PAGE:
Zeb Larson reviews Broken World…
If you read my reviews, you can tell that I like to dig into big concepts and ideas. I’m not necessarily as interested in the action as the themes that are present in the story. How do they build upon what’s been done before? Do they subvert tropes, or carry them out well? Unfortunately, execution also counts for something, and big ideas have to be given enough time to develop in order for the story to work. If not, you’ve just got half-developed concepts that didn’t get enough time or writing to really work. Broken World is one of those books. The idea is solid, but there isn’t enough time to develop all of the themes they want to use in here. As a result, virtually nothing is fully developed.
At some point in the near-but-not-too-near future, an extinction-level comet is on course to collide with earth. The Pax Corporation has been tasked with building “arcs” that would carry most of the human race, leaving only about 25% of the population behind to die. Through some complications, a professor named Elena Marlowe is separated from her husband and son and misses the last ship off-world. That might be the end of the story, except that the comet misses earth. Now trapped on a world with no semblance of order, she has to try and find a way back to her loved ones.
If there’s one word I would use to describe this series, it would be rushed. The first issue is basically exposition and introduction. There are only another three issues after that to tell the entirety of the story, and there are more characters than just Elena. There’s one of her former students, an army officer named Griffon, a former cult leader named Thomas Holmes, and a few others besides. They have to share the stage with Elena’s search for a way to find her family, the fight between the military and the cult leader, Elena’s students, and the world around them. This is on top of the legitimately interesting themes here, such as the struggle to go back to living when you thought you were going to die.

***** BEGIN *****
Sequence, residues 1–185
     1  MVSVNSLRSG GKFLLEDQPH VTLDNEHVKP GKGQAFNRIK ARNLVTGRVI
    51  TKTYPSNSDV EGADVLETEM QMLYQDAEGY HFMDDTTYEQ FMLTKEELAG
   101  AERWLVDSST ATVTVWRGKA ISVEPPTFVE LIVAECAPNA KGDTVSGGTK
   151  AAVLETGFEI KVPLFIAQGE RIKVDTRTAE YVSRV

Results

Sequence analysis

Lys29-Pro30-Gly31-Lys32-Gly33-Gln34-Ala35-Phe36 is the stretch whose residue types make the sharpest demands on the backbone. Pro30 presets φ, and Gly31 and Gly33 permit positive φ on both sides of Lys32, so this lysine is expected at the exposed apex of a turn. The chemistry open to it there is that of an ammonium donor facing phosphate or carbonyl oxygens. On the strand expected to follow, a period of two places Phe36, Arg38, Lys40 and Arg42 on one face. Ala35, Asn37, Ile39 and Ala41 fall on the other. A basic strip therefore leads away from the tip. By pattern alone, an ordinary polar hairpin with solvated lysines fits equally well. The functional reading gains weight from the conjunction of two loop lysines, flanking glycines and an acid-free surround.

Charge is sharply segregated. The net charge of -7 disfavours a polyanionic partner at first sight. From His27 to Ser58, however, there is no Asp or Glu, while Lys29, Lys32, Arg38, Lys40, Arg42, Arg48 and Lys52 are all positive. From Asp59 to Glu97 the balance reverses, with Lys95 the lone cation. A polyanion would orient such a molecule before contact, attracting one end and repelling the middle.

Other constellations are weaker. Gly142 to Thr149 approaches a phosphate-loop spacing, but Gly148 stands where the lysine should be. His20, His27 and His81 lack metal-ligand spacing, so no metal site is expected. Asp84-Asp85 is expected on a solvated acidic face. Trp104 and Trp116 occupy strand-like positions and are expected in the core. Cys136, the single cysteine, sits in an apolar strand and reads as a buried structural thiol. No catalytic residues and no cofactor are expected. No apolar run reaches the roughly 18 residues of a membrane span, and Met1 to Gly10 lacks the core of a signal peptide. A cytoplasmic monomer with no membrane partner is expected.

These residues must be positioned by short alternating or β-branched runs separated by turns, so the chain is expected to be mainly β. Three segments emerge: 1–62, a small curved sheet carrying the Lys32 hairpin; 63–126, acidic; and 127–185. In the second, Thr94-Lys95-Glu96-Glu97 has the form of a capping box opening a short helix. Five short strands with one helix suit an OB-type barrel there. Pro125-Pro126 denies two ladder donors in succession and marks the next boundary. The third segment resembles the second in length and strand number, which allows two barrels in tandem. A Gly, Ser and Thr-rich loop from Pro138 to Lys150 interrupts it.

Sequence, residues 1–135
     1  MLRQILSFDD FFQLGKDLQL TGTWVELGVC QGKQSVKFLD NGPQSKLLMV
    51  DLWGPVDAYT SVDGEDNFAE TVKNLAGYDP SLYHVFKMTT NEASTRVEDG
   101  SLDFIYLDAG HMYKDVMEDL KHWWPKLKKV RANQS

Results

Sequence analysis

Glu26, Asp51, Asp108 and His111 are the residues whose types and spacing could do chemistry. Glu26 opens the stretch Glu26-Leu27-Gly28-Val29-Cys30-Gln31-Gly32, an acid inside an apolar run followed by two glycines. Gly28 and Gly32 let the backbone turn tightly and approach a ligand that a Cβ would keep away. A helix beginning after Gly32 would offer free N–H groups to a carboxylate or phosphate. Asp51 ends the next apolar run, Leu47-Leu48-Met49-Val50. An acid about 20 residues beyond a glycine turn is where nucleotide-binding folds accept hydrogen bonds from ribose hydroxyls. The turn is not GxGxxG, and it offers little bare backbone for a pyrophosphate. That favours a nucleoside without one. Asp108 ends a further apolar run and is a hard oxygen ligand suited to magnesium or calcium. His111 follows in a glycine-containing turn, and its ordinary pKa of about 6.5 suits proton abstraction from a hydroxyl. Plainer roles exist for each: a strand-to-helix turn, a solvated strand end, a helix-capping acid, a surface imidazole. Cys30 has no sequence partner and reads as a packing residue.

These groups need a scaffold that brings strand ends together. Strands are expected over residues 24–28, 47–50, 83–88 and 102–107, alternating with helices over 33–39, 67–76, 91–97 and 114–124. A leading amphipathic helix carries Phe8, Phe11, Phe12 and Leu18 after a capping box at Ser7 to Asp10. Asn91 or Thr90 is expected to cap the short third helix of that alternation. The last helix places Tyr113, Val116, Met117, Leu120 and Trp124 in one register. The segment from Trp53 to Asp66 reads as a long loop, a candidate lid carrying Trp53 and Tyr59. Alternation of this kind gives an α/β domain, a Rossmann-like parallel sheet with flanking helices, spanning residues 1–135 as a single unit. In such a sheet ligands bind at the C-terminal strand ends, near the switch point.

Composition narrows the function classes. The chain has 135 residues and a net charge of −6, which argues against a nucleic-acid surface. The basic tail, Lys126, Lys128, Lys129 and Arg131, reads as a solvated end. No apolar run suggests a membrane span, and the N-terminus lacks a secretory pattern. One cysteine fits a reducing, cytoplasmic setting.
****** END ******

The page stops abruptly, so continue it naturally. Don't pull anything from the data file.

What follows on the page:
This means that the dialogue and the exposition needs to work twice as hard just to establish the scenery. With the haste it works under, the dialogue and exposition become clunky in parts. There are implicit questions being raised about whether governments have the right to do what they do with people…but rather than letting it speak for itself, the main characters have to just come out and say that (and then never revisit it). It becomes obvious that the government and Pax had their own ulterior agenda, but because it comes at the end, it’s never fully explored. Likewise, what happens in the months after the apocalypse is explored in just a few panels.
Broadly speaking, you could say this is a book about the need to move on from loss and not let it consume you (which is also basically said out loud…). Unfortunately, the exploration is kind of shallow. The bad guys can’t move on, and the good guys do move on; how they do, beyond that they do, isn’t really established. We would need more characters to make it feel more real. To Barbiere’s credit, we see bits of all of the different stages of grief in everybody: anger in Griffon, sadness in Elena, acceptance for Holmes. But we spend so little time with them that there’s not enough to be really invested in anybody apart from Elena.
There was a good story here, and if you really like post-apocalyptic literature, this could still be fun. It’s just not what it could have been.
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